The electrical fluid is active and volatile, like fire, eafily fixed, like earth, and is, by its nature, fufceptible of being compounded and decompounded, like liquids. On its approach to the bloodveffels, it expels from thence fuperfluous humours; if, in the molecules of the blood, it meets with heterogeneous principles, it decompounds them, unites itfelf to thofe, which are analogous to its nature, and by its action, facilitates the junction of the other molecules to the particles that are fimilar to them.

As to the fecond effect of the influence of electricity, our Author obferves, that it is afcertained to be the principle of motion in plants, and known to contribute to their growth, by repeated experiments: Now as all organized bodies, whether animated or inanimate, vegetate and grow pretty much in the fame manner, Mr. THOURRY thinks himself authorised, by this confideration, to attribute animal motion or (as he calls it) the motion of the animal machine to the electrical fluid, as its principle and caule. According to trials made on various occafions, it appears that this fluid augments, alfo, animal motion, and never fails to renew it, when it is fufpended or deftroyed; it accelerates the cir


culation of the fluids in the human body, procures often hæmorrhages, and cures feveral of thofe nervous complaints that pass under the name of vapours *.

After having mentioned the effects of electricity on fingers, that had been motionlefs for the space of feveral years, and alfo the cafe of a perfon who had loft the ufe of both his arms, and was cured by natural electricity, (i. e. by being ftruck with thunder) our Author propofes his conjectures concerning the manner in which these electrical phenomena, or effects of electricity are produced. He fuppofes that there are in Nature, three principal fprings of action, three fuperior univerfal agents, the etherial matter or primitive fire,-electrical matter-and air, which are mutually fubject to each other. In the human body, he obferves, in the first place, three other SUBORDINATE agents, the nervous fluid, the blood, and the lymph, with their ducts, and in the second place, three folids that are to be moved, muscles, cartilages, and bones.

Of the three univerfal agents of the firft clafs that may be called external with refpect to the body, our Author confines his inquiry to the fecond (the electrical fluid) because it is this, which derives its action from the first, (the ether) and communicates action to the third, (the air).-To fet this agent in motion we have as yet, fays our Author, no other means but friction: Nature has, certainly, another method of operation; for we do not fee, what kind of friction could amass together in the clouds the different parts of the electrical fluid, that must be collected in order to produce thunder.

Having thus prepared his agents, our Author proceeds to confider their operations and effects. He fuppofes, in the first place that the cortical fubstance of the brain contains pofitive or plus electricity, and that the medullary fubftance contains negative or minus electricity Secondly that thefe two fubftances have, each, their respective and peculiar conductors, that is, nerves that convey plus electricity and nerves that convey minus electricity: the latter carrying the electrical fluid from the extremities to the brain, and the former tranfmitting it to the muscles and extremities:-Thirdly that thefe fubftances have, in the brain, a repository in common (fuch as the pineal gland, its bafe, &c.)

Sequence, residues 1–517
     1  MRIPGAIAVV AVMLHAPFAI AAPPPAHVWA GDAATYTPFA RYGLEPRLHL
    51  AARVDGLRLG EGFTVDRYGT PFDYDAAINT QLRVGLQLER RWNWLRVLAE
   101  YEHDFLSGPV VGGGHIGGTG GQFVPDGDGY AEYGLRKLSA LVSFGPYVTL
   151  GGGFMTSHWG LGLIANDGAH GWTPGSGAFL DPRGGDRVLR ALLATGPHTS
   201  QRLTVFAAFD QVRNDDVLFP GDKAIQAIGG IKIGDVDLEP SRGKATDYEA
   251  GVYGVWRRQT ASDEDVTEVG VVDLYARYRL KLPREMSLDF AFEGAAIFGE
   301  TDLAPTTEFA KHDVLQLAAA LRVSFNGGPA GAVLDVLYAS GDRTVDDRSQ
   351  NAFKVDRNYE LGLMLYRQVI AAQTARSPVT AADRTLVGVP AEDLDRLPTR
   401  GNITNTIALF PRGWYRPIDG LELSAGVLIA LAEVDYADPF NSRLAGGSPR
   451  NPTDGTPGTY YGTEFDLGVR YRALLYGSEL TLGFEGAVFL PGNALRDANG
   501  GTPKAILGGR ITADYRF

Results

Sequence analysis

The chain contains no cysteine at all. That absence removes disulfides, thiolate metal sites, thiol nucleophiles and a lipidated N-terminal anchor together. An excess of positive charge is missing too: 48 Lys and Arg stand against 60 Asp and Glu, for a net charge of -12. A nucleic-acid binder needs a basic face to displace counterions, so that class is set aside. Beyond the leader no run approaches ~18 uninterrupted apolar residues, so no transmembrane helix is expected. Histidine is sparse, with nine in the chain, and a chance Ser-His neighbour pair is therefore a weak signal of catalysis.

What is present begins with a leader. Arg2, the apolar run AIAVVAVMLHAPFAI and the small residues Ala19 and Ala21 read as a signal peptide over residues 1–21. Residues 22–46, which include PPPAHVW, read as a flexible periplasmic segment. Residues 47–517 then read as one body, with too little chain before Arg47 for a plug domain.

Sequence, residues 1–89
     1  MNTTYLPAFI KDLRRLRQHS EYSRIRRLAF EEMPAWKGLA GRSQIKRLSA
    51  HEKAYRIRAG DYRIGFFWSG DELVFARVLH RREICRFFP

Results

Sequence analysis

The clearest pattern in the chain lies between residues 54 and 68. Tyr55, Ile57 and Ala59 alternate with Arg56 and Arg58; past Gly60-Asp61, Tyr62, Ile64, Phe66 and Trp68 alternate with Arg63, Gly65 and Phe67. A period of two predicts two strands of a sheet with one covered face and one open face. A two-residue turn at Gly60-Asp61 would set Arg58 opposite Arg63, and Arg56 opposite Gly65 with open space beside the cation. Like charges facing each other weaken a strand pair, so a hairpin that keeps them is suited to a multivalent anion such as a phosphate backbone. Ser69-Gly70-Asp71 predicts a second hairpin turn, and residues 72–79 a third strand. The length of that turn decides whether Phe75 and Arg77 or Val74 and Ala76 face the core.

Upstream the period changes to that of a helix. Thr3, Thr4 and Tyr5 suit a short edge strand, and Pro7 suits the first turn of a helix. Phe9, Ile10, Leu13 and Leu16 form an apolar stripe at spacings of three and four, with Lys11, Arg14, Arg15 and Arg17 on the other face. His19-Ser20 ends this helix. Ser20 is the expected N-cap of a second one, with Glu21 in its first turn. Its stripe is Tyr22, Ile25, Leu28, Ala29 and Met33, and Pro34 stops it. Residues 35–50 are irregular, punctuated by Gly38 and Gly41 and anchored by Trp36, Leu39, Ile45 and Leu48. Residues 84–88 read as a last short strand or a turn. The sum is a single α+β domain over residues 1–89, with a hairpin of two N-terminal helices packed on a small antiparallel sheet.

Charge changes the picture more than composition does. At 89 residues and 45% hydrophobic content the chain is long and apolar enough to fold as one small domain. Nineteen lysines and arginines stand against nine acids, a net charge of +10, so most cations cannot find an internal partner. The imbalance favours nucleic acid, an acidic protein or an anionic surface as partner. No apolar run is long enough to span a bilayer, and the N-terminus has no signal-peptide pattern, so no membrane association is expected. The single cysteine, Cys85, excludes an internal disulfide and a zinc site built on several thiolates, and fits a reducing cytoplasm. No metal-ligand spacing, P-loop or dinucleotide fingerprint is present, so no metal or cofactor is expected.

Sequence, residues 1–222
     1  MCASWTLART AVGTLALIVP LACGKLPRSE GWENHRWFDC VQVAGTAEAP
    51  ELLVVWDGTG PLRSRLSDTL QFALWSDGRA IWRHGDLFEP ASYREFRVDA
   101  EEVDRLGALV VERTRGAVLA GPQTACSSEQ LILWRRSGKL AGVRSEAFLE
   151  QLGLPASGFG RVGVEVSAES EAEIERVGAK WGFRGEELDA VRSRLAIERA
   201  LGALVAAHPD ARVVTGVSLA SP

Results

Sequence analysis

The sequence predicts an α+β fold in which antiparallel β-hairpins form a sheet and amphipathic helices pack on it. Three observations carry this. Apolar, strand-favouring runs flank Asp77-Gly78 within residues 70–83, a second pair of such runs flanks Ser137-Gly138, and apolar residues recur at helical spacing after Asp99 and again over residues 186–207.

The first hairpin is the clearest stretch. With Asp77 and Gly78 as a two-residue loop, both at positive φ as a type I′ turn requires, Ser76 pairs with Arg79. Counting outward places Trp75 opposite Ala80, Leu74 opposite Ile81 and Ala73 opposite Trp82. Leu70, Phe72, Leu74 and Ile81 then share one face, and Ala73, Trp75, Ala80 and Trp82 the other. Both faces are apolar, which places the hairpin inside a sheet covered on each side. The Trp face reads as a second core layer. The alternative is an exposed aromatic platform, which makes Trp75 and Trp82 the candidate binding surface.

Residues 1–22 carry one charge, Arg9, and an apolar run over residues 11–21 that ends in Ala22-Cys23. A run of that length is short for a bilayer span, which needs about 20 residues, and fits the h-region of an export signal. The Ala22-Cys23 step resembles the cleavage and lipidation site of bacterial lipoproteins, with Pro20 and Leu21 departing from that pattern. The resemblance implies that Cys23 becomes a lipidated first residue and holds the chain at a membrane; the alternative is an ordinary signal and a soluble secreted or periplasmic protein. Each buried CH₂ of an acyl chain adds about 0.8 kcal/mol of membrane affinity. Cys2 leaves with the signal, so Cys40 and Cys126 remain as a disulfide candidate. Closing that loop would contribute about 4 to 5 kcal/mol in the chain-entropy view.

Our Author does not adopt the opinion of thofe, who maintain that electricity augments equally and in all circumstances the velocity of the pulfe. But his experiments on this part of the animal œconomy and their refult appear, to us, very curious. This refult is, that when the pulfe is too flow electricity accelerates it, when it is too quick, electricity retards it, and leaves it pretty much as it is, when it is in its right ftate. The experiments, that led to this conclufion, were published in a differtation prefented by our Author to the academy of Caen, in 1773.


for the common fenforium: Fourthly that, befides their particular and respective fluids, all the ducts contain as much of the electrical fluid as is neceflary to the circulation and to the functions of thefe fluids in the human body; and finally, that all thefe fluids are in equilibrio, and at reft.

From these hypothefes our Author explains the fenfations in the following manner. From a body, that is touched, electrical molecules proceed, which are pumped by the nerves or minus conductors. As a plenum is fuppofed, a quantity of thefe molecules cannot enter at one extremity without an equal quantity be emitted at another; the equilibrium is thus immediately broken in the medullary fubftance, and the motion is communicated to the fenforium, fo that the foul, in confequence of the laws of its union with the body, receives notice of the actual ftate of the latter, with respect to that fenfation. The cafe is the fame in the fenfations relative to the tafte, as here external bodies affect immediately the organ, as in the fenfe of touching.